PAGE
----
Shakes so my single state of man that function 
 Is smother'd in surmise, and nothing is 
 But what is not.
BANQUO Look, how our partner's rapt.  150
 If chance will have me king, why, chance may crown me, 
 Without my stir. 
BANQUO New honors come upon him, 
 Like our strange garments, cleave not to their mould 
 But with the aid of use.
MACBETH Aside.  155
 Come what come may, 
 Time and the hour runs through the roughest day. 
BANQUO Worthy Macbeth, we stay upon your leisure. 
MACBETH Give me your favour: my dull brain was wrought 
 With things forgotten. Kind gentlemen, your pains 
 Are register'd where every day I turn
 The leaf to read them. Let us toward the king.  160
 Think upon what hath chanced, and, at more time, 
 The interim having weigh'd it, let us speak 
 Our free hearts each to other. 
BANQUO Very gladly.
MACBETH Till then, enough. Come, friends. 

Next: Macbeth, Act 1, Scene 4

Explanatory notes below for Act 1, Scene 3
From Macbeth. Ed. Thomas Marc Parrott. New York: American Book Co.
(Line numbers have been altered.)


With this scene the real action of the play begins. The first scene brought the witches before us; the second gave us a noble picture of Macbeth. Now the two parties, the tempters and the tempted, meet, and from their meeting and the witches' prophecy proceed directly all the remaining events of the story. The witches awaken in Macbeth the passion of ambition, which henceforth is the mainspring of his action. But we must not think that they in any way enchant Macbeth or compel him to do their evil will. After the meeting, as before, he is a free man, and can act or refrain from action as he sees fit. This is shown, in part at least, by the fact that Banquo, although also greeted by the witches with prophecies of future honour for his house, is not led on to any crime to make good the prophecy. There is something in Macbeth's own heart that receives and answers the greeting of the witches. This is Shakespeare's way of writing tragedy ; he makes the fate of his men and women depend upon their own characters, not upon chance or outside influences.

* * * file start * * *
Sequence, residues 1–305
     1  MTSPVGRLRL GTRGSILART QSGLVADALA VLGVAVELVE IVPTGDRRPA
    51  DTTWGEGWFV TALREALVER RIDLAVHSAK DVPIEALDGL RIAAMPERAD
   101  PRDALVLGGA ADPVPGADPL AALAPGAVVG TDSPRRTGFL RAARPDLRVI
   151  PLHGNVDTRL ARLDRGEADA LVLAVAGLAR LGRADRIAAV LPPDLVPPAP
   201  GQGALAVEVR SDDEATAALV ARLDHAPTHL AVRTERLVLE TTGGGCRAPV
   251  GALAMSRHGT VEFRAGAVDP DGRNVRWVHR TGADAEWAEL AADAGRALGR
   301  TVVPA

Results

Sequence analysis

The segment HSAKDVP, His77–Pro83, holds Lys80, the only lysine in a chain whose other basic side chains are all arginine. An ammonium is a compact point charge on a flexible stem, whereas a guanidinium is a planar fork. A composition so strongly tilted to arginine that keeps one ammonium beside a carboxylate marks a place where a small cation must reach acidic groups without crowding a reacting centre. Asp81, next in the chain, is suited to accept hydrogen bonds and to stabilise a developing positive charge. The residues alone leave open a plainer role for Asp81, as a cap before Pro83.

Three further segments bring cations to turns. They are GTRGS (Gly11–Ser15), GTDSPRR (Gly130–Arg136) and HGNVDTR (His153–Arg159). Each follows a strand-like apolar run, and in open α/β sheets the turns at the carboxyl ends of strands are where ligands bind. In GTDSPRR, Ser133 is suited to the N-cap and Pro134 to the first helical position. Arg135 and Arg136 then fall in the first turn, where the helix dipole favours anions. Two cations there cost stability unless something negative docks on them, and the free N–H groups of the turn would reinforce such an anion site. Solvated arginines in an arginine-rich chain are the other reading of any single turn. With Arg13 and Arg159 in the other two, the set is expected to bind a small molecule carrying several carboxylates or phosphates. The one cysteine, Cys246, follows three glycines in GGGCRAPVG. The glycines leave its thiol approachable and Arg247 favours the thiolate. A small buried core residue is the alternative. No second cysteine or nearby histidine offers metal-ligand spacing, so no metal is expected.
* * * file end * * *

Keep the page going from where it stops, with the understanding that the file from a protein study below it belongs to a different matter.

In the first thirty-seven lines of the scene, the witches recount to each other the evil deeds in which they have been engaged since their last meeting. It is worth noting that these deeds are petty and vulgar; but just as every good deed — even the giving of a cup of cold water, — is a blessed thing, so every evil deed — even the killing of swine — is a delight to the powers of evil. This conversation, moreover, serves to identify the "weird sisters" of the play with the familiar witches of Elizabethan superstition.

2. Killing swine. One of the commonest charges brought against supposed witches in Shakespeare's day was that they maliciously killed by pestilence, or the evil eye, the domestic animals of those they had a grudge against.

45, 46. By each ... lips. The witches lay their fingers on their lips to hush Banquo into silence. Their business is not with him, but with Macbeth; and they will not speak to Banquo until they have discharged their errand.

47. beards. Witches were generally thought of as bearded women.